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pito's Content

There have been 10 items by pito (Search limited from 19-September 19)


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#194683 Thank you very much for the invitation

Posted by pito on 13 September 2020 - 08:03 AM in Free Stuff

Good luck.

Enjoy your stay here.




#194682 Weird images from algae culture

Posted by pito on 13 September 2020 - 07:58 AM in Microbiology

It looks like what you are seeing there are algal cells trapped by surface tension on the surface of the bubble/foam. The clearish object you can see in some of the pictures (e.g. at 10 o'clock position in image 3) looks like an interaction between the light-path and another bubble.

Yeah, that is what I also figured. 

I think it is indeed as you say, algal cells trapped in the fluid.




#194659 Weird images from algae culture

Posted by pito on 08 September 2020 - 12:46 PM in Microbiology

Which species of alga and scale?

Haha yes, I should have mentioned this.

It is a specials of chlorella and it is a 400X or 1000X image (middle one is 400X)




#194644 Weird images from algae culture

Posted by pito on 02 September 2020 - 12:10 PM in Microbiology

Hello all,

 

I recently grew some algea and took a few pictures of the foam visible in the culture.

I am wondering if I am simple seeing foam or a combination of foam and algae or ?

 

See pictures attached.

It looks like foam, but in some I can see something that looks like a nucleus. I am also wondering about the coloration. I guess the foam becomes green due to death algea?

 

thanks in advance.

Attached Thumbnails

  • l100.jpg
  • l1.jpg
  • schuim obj100x bis.jpg



#194302 Growth Curves for Yeasts and Molds

Posted by pito on 13 May 2020 - 01:08 AM in Microbiology

 

 

Hi all,

 

I recently attempted to Create growth curves for Candida Albicans and Penicillium rubens and have failed miserably, I'd like to share with you my protocol to see maybe I'm missing something:

  • I grew starter cultures in YM broth over a few nights(yeast culture was 2-3 days old, mold culture was 5-6 days old). I grew both cultures in a semi sealed sterile erlemmayer at room temperature placed on a rotating orbital shaker(spins in a cyrcle) at about 65 rpms. - I saw massive growth in both starter cultures.
  • I considered the grown starter cultures as 7 log (10,000,000 CFU/ml) concentration and I diluted both starters x4 and x5 and infected new samples (clean ym broth in erlenmeyer) at what I learned is considered 3 log and 2 log growth concentration.
  • I placed the 4 samples(2 for each fungi, at 2 different infection levels) on the same rotating shaker and started mesuring time - sampeling each bottle into 2 agar plates (my agar is oxytetracycline - glucose yeast extract agar) at 2 different dilutions (2 log and 3 log).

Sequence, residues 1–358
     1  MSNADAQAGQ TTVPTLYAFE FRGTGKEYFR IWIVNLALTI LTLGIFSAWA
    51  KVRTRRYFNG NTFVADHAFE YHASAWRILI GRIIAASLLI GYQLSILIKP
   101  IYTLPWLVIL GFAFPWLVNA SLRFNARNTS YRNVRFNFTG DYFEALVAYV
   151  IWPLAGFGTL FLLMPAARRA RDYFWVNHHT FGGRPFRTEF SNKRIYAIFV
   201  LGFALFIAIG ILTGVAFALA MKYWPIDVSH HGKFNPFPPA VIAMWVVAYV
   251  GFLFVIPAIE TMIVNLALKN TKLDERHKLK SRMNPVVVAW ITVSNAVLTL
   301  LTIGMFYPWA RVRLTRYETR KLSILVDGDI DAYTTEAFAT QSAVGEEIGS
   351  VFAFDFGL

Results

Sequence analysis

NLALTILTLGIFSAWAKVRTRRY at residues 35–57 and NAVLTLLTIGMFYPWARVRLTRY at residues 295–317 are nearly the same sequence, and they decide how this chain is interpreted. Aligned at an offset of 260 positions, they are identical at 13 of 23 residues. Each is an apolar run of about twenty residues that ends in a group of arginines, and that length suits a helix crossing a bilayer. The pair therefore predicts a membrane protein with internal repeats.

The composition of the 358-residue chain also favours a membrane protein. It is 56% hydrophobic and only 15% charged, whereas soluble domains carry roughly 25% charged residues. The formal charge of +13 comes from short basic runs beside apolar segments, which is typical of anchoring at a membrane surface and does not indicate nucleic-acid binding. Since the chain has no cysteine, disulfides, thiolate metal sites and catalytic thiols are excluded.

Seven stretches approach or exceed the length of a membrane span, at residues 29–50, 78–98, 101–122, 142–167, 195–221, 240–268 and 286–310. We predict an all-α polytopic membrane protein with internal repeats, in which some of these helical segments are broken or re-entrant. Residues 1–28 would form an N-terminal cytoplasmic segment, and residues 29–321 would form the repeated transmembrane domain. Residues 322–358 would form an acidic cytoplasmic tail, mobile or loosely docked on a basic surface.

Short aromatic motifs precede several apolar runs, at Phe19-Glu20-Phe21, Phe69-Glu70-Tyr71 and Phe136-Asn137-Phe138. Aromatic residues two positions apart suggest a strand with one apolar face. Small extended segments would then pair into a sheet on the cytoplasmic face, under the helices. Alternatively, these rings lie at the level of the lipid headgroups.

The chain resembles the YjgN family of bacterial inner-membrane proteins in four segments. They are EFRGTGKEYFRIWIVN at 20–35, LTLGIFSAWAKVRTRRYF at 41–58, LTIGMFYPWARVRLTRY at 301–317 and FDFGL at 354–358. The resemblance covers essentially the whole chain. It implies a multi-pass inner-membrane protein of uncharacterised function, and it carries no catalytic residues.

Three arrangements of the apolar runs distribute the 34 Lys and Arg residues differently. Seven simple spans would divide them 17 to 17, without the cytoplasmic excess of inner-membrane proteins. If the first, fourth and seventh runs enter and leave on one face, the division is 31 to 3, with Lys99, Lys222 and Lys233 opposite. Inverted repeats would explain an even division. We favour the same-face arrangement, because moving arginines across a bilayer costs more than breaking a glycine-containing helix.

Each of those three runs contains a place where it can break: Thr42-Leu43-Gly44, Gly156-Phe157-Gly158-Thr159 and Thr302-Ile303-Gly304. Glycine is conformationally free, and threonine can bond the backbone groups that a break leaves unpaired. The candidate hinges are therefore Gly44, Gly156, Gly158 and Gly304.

• I sampeled the yeast samples every 3.5 hours, and diluted it another +1 ratio(1:10) each time considereing 3.5 hours is the average growth time for yeasts, for 7 times total.I sampeled the mold samples every 6 hours, and diluted it another +1 ratio(1:10) each time considereing 6 hours is the average growth time for molds , for 10 times total.
  • All plates were left for incubation in room temerature for 3 days (yeasts) and 5 days(molds).

Non of my mold plates showed any growth at all, and my yeast plates showed very random growth, showing some growth over the first few time points, then dropping to very low growth(with some plates showing 0 colonies) before going back to show some growth toward the end of the time points.

 

Please, if anyone has experience with growth curves or with growing these organisms, I'd appriciate any assistance you can offer.

 

 

 

 

Room temperature for C. albicans is too low for this experiment.

Not sure exactly where you got this protocol, but it is a bit weird.

3,5 hours is the average growth? At room temperature?

 

 

Thanks for getting back to me.

 

Why is room temp too low? I've had success growing C.albicans at it multiple times in the past, why would this experiment be different? wouldn't the lower temp just prolong my waiting time for plate results but in turn provide better selection conditions? 

 

The protocol is one I've used in the past to formulate growth curves for bacteria, L.Mono and Salmonella in particular, so the template is the same, with different growth and incubation time variables added. - if you have any insights into what I'm doing wrong, and you could provide an explanation as well, I will greatly appreciate it.

 

 

 

I am not saying you can't grow C. albicans at such low tempratures, what I am saying is that doing a growth curve at those temperatures is difficult.

 

As Phil Geis already mentioned: it is a fungus , 35°C is more appropriate and lets not forget: it is a human commensal. It is rarely found outside.